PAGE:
FE: Well, there is sort of a general disposition that the United States law is to protect itself in a way from international law, and so it is not just the Convention on the Rights of the Child that has not been approved or ratified by the United States. There are various other charters, human rights documents, that have not as well. For a long time, however, one of the specific issues I should say, two specific issues that the United States had reservations about, one was the use of capital punishment for serious crime. And there the issue was the use of the death penalty for persons under the age of eighteen. Of course, with the Supreme Court’s decision that reversed the use of the death penalty for children, that no longer is a reservation. The second reservation is one that essentially gives parental rights where parental rights will trump children’s rights. And that set of laws is codified in most states in the United States and perhaps still is the major reservation that the United States would have for ratifying the Convention on the Rights of the Child.
SM: What would it take to get the United States to ratify it?
FE: It would take the Senate approving it at this point. Bill Clinton signed the Convention on the Rights of the Child, so it has been signed by the White House, by a president of the United States. It has come up to the Senate a couple of times, even during the Bush administration it came before the Senate. So at this point it would take approval by the Senate and by the Congress with a strong probability that the current administration would agree, would sign off.
SM: This journal really highlights a lot of key issues around it and perhaps could be useful to policymakers as they weigh this decision.
FE: Of course. That is not our goal so specifically, however, I mean there is a movement in the United States to, a political movement, to ratify the Convention, to get the Senate to ratify the Convention on the Rights of the Child. I think our goal in this volume is a more intellectual and, to some extent, social science set of goals; to establish a historical, philosophical, and scientific basis for children’s participation and children’s voice and opinions counting in the slow process of democratization. So while we think it is important that the United States join the rest of the world and ratify the Convention on the Rights of the Child, we are looking beyond that, to the notion of not just rights but rights and obligations and rights and responsibilities that reflect true membership, legitimate membership, in a democracy.
SM: This is the notion of child citizenship.
FE: Exactly. My introductory chapter is entitled “From Rights to Citizenship.” And many of the entries in the volume are reflecting on philosophical ideas of how children are in the generational context, where their rights and opinions should count, and that we should be providing spaces and opportunities for children to exercise their political maturity.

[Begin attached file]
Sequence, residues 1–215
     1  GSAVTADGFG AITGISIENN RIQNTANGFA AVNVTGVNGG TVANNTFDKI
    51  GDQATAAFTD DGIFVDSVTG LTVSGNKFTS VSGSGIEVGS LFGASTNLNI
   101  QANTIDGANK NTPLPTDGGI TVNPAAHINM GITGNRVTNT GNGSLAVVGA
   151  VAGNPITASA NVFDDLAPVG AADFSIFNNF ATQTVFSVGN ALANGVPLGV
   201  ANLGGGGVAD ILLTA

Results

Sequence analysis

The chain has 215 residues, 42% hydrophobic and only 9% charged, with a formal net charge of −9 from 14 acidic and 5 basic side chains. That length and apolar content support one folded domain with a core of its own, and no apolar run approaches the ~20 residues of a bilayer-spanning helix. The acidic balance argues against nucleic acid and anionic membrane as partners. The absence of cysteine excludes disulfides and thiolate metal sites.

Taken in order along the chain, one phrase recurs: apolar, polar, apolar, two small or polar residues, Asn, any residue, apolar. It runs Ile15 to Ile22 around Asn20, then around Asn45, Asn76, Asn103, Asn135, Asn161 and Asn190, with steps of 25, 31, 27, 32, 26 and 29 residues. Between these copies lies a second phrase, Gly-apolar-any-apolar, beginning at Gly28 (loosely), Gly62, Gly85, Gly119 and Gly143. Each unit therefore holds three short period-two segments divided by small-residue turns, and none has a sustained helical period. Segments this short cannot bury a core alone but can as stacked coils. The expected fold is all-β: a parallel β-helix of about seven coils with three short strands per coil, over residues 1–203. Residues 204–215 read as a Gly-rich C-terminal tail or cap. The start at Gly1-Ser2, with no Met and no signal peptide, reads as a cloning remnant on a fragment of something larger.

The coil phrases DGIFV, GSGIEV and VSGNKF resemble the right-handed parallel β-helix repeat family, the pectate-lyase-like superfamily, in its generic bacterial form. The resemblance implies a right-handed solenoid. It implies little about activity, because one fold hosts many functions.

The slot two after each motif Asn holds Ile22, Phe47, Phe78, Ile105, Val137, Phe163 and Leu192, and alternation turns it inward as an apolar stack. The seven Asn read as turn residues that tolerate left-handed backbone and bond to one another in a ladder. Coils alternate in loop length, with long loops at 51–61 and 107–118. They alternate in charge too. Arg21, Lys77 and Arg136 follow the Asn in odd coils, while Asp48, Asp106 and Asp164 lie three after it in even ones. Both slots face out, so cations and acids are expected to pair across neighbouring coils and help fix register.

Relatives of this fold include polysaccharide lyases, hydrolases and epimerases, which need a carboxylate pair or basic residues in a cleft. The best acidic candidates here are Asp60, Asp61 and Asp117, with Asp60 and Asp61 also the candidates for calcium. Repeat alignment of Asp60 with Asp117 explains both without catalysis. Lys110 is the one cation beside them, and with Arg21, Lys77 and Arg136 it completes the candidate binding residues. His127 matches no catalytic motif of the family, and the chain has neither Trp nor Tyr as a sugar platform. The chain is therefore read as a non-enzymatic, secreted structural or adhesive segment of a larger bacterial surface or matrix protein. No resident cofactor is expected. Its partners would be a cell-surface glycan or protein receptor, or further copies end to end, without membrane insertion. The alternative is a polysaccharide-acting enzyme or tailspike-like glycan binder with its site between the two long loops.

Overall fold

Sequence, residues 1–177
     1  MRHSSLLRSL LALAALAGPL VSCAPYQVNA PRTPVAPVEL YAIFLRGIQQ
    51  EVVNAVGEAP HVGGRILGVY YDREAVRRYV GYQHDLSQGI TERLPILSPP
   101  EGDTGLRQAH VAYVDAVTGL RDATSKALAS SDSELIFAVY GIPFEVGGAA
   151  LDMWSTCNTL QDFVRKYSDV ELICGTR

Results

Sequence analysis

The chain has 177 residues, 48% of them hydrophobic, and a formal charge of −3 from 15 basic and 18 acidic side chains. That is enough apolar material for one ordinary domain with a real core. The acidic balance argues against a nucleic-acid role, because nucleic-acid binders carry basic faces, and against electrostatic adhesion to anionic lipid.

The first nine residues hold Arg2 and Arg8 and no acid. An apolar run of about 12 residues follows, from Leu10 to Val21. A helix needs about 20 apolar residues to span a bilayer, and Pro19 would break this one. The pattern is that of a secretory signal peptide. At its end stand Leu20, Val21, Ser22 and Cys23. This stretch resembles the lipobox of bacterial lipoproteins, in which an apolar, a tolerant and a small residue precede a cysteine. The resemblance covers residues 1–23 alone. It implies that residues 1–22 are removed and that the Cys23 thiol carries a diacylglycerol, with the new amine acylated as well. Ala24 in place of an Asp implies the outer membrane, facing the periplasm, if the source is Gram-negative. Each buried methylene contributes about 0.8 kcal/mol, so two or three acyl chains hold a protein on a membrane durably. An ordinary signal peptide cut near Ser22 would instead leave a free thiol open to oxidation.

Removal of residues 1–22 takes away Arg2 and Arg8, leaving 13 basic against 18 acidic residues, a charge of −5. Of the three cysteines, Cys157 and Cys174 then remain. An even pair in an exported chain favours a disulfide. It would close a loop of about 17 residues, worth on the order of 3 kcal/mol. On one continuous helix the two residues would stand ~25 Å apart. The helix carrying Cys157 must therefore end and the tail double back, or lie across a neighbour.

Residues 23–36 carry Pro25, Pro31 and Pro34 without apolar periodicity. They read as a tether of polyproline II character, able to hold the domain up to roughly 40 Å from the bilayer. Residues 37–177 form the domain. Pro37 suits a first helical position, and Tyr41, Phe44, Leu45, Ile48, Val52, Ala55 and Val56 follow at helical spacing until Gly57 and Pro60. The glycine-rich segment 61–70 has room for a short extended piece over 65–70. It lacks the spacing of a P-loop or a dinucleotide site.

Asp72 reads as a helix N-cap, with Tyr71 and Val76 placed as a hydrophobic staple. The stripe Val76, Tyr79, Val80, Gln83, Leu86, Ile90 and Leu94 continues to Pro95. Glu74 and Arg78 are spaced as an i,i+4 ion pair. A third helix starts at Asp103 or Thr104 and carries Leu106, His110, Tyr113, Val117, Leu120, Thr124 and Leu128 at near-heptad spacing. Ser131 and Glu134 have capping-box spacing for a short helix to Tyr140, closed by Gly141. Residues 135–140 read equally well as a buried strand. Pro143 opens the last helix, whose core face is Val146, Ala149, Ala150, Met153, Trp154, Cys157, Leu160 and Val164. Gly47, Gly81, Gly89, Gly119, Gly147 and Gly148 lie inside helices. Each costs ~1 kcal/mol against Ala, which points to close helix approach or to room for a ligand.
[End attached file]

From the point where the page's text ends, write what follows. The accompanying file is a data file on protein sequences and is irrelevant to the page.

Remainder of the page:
SM: And an example of this is the Young Citizens Program, which you and your wife, Dr. Mary Carlson, have been so greatly involved in. And in The Annals you have written an article [Adolescents as Deliberative Citizens: Building Health Competence in Local Communities] together about your work. Tell us about how the Young Citizens Program got started in Chicago and made its way to Tanzania.
FE: I was doing a large social science project on the community causes of violence, neighborhood causes, neighborhood determinates of violence in Chicago. And one of the things that we realized in preparing this study and beginning to actually conduct the study was that we had lots of ideas about how children were exposed to violence and what the consequences of that exposure were. But we had really not spent much time talking to children about the concepts and the experiences they had. We assumed we understood various things from an adult point of view or from a psychiatric point of view, and so we were constructing questionnaires and collecting data without really giving appropriate time to reflect on children’s discussion and having a dialogue with children that generated their own point of view about this. And so we decided to do that, to stop what we were doing that was based on an adult, professional point of view, and consult on an equal basis with children; where children were put in the situation where they really did feel like they were entitled to say, and protected to say, what they really thought. And it was a great revelation. We learned things about our questionnaires and about our interview techniques that we did not know about. And the children benefited by appearing more confident and more secure, if you will, in their place in society in the city of Chicago. So the project started with those kinds of long sessions, two or three hour sessions with small groups of children where we were really spending a lot of time making sure that the playing field was level. As we gained confidence that our theories and our experiences were really being transformed by this, we started thinking of how to do a proper scientific study to see whether or not we could evaluate how effective including children’s voices and opinions was in combating a serious health problem. And the opportunity opened that we could work in Tanzania on the HIV/AIDS epidemic, and so that led to us building the Young Citizens Program into a more formal curriculum so that we could test the efficacy of that curriculum. And of course we worked for ten years in Tanzania and accomplished that.